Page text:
When we want to solve a problem that is given to us in words, it can help to write it out as a number problem. Finding the numbers we need, and how we treat those numbers, helps us solve the problem more easily.
Written problems give us clues as to the types of mathematical operations we may need. For example:
There are many other types of words that occur in problems. As you watch this video, take note of the words and what operation they connect to. Can you think of others?
Laura has saved $\$60$$60 over the course of the last month. If she earns $\$10$$10 this week from doing chores, and finds another $\$20$$20 while out for a walk, how much does she have?
Write a division number sentence to match the word problem.
You do not need to solve the question.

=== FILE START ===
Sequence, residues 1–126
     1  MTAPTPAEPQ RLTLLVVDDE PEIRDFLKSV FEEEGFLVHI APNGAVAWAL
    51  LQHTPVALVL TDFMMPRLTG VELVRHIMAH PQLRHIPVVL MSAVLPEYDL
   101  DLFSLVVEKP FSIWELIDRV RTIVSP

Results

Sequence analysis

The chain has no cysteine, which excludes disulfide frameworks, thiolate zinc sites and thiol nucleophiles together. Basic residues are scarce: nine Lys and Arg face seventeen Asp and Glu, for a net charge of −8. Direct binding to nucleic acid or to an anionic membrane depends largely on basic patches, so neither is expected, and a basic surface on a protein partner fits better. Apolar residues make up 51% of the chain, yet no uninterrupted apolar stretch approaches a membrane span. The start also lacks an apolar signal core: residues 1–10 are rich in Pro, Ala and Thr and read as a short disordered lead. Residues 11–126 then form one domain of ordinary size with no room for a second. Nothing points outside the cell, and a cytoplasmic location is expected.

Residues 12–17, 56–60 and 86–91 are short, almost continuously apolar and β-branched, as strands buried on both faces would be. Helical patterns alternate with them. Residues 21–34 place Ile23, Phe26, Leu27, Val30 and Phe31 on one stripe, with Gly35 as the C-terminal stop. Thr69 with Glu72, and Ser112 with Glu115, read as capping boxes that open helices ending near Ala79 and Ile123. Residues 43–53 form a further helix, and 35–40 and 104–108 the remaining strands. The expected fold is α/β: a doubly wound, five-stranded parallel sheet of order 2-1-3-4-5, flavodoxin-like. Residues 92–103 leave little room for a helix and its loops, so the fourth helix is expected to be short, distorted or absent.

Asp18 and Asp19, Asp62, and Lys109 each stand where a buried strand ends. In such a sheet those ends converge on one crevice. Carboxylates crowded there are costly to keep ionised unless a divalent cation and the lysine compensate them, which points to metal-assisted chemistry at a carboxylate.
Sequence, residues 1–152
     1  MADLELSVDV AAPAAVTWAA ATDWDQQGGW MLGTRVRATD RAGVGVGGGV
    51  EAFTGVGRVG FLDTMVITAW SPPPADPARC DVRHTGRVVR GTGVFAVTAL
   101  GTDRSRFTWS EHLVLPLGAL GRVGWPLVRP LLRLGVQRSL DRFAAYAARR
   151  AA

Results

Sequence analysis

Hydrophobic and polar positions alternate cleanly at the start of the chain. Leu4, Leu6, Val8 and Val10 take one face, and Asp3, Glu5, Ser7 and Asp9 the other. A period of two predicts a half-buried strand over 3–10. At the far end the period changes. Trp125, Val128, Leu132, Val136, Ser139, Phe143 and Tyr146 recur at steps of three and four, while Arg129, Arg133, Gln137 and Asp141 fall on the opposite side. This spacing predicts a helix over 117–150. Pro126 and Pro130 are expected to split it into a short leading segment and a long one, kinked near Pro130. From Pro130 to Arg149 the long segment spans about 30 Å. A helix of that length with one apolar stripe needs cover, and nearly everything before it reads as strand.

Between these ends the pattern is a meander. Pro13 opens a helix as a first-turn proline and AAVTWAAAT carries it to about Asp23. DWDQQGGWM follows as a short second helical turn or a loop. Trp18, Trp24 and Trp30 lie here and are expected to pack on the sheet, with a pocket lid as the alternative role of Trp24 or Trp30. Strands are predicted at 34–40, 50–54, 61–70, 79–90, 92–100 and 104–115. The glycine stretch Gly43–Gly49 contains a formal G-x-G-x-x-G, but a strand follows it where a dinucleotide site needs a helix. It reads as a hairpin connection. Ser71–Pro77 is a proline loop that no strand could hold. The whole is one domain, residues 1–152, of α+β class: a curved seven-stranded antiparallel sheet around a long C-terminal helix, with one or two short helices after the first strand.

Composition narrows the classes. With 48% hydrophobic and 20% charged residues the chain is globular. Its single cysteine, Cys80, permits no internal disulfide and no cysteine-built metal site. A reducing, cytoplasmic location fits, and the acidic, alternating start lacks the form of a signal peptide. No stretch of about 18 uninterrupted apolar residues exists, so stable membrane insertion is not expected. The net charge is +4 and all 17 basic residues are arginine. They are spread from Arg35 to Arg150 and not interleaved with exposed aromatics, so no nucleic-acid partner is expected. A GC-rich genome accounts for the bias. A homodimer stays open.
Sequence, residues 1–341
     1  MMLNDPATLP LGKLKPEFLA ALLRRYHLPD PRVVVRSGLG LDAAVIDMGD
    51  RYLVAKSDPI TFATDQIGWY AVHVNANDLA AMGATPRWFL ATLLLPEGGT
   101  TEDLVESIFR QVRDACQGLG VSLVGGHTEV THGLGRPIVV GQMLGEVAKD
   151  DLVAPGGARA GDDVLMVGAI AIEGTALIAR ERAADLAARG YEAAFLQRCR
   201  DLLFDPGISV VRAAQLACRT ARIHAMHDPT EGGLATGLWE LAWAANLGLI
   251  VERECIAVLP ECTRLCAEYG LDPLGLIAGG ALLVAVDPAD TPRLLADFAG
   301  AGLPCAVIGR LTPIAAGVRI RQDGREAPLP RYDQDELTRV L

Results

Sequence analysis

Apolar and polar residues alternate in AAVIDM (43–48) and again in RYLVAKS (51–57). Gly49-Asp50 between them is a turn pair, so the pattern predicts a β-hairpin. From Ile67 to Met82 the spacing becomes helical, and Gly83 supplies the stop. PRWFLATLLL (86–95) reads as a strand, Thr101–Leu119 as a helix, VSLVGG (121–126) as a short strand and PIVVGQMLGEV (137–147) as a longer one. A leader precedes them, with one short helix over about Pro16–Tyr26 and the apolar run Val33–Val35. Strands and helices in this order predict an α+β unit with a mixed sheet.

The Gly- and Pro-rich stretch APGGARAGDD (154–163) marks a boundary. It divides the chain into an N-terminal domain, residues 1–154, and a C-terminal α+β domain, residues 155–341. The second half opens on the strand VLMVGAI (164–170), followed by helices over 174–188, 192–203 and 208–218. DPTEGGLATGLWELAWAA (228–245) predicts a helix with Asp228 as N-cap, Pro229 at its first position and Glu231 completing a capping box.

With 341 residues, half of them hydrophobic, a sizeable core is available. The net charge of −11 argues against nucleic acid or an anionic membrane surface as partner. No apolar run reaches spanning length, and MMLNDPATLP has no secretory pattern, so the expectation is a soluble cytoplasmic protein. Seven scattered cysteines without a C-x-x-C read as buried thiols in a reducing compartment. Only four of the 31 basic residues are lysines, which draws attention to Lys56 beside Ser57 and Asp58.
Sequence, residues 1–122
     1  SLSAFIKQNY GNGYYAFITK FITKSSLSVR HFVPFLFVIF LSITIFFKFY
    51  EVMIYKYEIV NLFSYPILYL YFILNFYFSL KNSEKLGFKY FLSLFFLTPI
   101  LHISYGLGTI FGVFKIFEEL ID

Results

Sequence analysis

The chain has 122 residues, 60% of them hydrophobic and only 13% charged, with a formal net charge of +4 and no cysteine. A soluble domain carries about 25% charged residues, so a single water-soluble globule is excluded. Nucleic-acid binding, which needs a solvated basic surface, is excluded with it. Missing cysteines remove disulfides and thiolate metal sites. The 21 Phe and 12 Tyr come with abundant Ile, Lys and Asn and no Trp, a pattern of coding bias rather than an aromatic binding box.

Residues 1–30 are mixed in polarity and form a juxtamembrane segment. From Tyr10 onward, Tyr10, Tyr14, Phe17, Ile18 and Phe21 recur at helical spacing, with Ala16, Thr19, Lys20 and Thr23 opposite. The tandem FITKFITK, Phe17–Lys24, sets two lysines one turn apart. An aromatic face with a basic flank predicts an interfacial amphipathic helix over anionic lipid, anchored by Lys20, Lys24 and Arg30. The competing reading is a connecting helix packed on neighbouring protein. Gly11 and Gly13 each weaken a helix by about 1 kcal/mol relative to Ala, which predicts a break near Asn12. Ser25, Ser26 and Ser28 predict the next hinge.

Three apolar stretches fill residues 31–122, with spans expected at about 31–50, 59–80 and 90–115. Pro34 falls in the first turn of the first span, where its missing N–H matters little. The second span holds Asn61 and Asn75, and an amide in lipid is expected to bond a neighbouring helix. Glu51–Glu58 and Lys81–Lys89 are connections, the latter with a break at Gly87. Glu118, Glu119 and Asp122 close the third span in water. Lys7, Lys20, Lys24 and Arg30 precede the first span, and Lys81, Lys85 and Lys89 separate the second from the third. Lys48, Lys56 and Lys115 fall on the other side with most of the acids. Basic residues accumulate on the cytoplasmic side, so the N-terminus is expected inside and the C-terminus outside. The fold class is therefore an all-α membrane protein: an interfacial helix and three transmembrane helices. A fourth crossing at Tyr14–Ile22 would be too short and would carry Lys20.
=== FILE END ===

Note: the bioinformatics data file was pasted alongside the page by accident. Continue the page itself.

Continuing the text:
A lecture hall has $391$391 seats. Each row has $17$17 seats. How many rows of seats are there?
Miss Oakley has $37$37 chocolates to give out to $3$3 groups of students on a school excursion.
She firstly takes away $4$4 chocolates to save for students who are absent, then she divides the remaining chocolates equally among the $3$3 groups.
If $N$N stands for the number of chocolates each group receives, find $N$N.
Use a range of additive and simple multiplicative strategies with whole numbers, fractions, decimals, and percentages.
Record and interpret additive and simple multiplicative strategies, using words, diagrams, and symbols, with an understanding of equality